He ran up to the boathouse and looked for anyone who might be inside. "Hello?" he called, hoping he might find a princess and not more demons or whatever they were.

There was a young woman in some sort of extravagant prom dress curled up in a corner. She was bound with rope, which Harry untied.

"Are you all right?" he asked. "Maybe we should get you to a hospital."

Instead, there was a flash of light and Harry found himself and the young woman in an elegant room, standing before a king and queen.

"Thank heavens, you have saved her!" The king said. "I offer you her hand in marriage as a reward."

"Uh," Harry sputtered. This seemed an awful lot like the time he'd tried shrooms with a friend back in college. And what kind of father would let a complete stranger have his daughter? That couldn't be good, although the princess was gazing at him all starry-eyed now, so maybe she was happy with the arrangement?

If he was honest with himself, the princess was beautiful—far more so than anyone he had ever dated. And his job, well… ugh. He was tired of marketing, tired of trying to sell cheap, ugly, weird things to people that they didn't need. Perhaps this was the opportunity of a lifetime?

He didn't have anything to lose, which was certainly not a response the king would welcome. Instead, Harry drew himself up graciously, and bowed.

"I would be most honored."


(Well what do you know? Fortune smiled on him after all. It could have been much, much worse. Try again and see how?)

Books

II: Return home

Harry climbed the stairs to the surface and waited for the next uptown bus. He would have to transfer halfway through the trip, but that wasn't so bad. He'd probably be home by ten.

The bus came a few minutes later. Harry and nine or ten other passengers from the subway got on board, and started the journey home.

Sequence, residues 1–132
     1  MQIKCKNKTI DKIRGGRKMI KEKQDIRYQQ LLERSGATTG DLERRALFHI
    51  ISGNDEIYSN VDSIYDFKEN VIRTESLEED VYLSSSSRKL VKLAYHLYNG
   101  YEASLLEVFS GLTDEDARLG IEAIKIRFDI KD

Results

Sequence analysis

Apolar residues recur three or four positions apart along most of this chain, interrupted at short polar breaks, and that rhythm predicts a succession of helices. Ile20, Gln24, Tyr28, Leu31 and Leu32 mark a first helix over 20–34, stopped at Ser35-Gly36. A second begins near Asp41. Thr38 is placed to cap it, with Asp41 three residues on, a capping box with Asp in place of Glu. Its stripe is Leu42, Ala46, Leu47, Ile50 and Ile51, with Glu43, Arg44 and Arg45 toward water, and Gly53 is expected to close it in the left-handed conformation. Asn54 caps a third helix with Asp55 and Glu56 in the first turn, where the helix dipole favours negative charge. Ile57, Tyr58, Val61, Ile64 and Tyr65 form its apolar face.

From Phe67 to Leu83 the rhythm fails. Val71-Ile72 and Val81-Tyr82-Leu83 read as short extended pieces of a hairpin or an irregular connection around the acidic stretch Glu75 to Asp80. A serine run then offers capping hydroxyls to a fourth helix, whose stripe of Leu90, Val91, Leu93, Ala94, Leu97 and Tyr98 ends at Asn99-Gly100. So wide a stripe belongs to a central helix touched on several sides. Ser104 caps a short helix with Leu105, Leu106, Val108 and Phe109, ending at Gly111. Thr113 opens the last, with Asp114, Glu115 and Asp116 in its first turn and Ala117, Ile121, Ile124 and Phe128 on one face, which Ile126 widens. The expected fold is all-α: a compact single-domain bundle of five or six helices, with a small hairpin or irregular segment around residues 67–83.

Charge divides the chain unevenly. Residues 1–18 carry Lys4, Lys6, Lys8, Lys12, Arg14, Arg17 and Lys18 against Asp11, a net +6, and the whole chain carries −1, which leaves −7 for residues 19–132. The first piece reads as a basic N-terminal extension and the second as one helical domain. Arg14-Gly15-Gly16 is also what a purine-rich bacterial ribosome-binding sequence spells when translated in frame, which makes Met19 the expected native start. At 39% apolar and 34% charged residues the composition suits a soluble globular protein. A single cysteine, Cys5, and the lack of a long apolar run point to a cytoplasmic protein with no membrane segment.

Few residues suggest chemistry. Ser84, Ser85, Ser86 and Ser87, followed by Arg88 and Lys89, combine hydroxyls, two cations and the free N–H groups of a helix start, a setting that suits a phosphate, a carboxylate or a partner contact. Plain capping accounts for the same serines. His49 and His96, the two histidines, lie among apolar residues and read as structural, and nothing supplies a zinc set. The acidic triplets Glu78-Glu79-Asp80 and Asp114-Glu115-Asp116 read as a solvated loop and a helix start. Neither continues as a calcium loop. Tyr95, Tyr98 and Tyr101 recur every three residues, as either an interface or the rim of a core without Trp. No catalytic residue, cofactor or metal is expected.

I should get off a few stops early and buy something to eat, Harry thought.

Suddenly, the bus driver hit the brakes. Tires screeched as the bus slid into a traffic pole.

Everything seemed to happen in slow motion as Harry looked out the windows. He saw the pole looming ahead on one side of the bus, and on the other, there appeared to be a demon army pouring across the street.


(Hells bells! That's no good. Try again?)

Books

II: Consult The Wizard

The closest thing to a temple on the river Harry could think of would be the gazebo in FDR Park. It was as good a guess as any.

He put on a warm jacket and took a bottle of water and a flashlight with him to the subway station, where he boarded the train. This would be a much nicer trip during the day, he thought. He hadn't been to the park in years, but he remembered it being very pretty.

As the train slowed four stops later, the engineer made an announcement.

"Ladies and gentlemen, there has been a breakdown on the line ahead. All passengers must leave the train at this station. There are connecting buses that can help you reach your destination. Please exit to your left when the train comes to a full stop."

Harry got off the subway car, feeling as dazed as the other passengers. Well, this was great. Obviously, he was going to have to start digging through bus schedules now. But which direction?

Should he try to continue on to the park?

Or just figure out how to get back home?

Books

III: Enter the room

Harry got out his Swiss army knife and pulled up the largest blade, which was still ridiculously small. God, I must be nuts.

He slipped inside the locker room, and tripped over something. Someone.

He used his phone light to look around. There was a group of men in the locker room who had been bound with rope and gagged with basketball jerseys. All of them were dressed as knights.

Well, what do you know?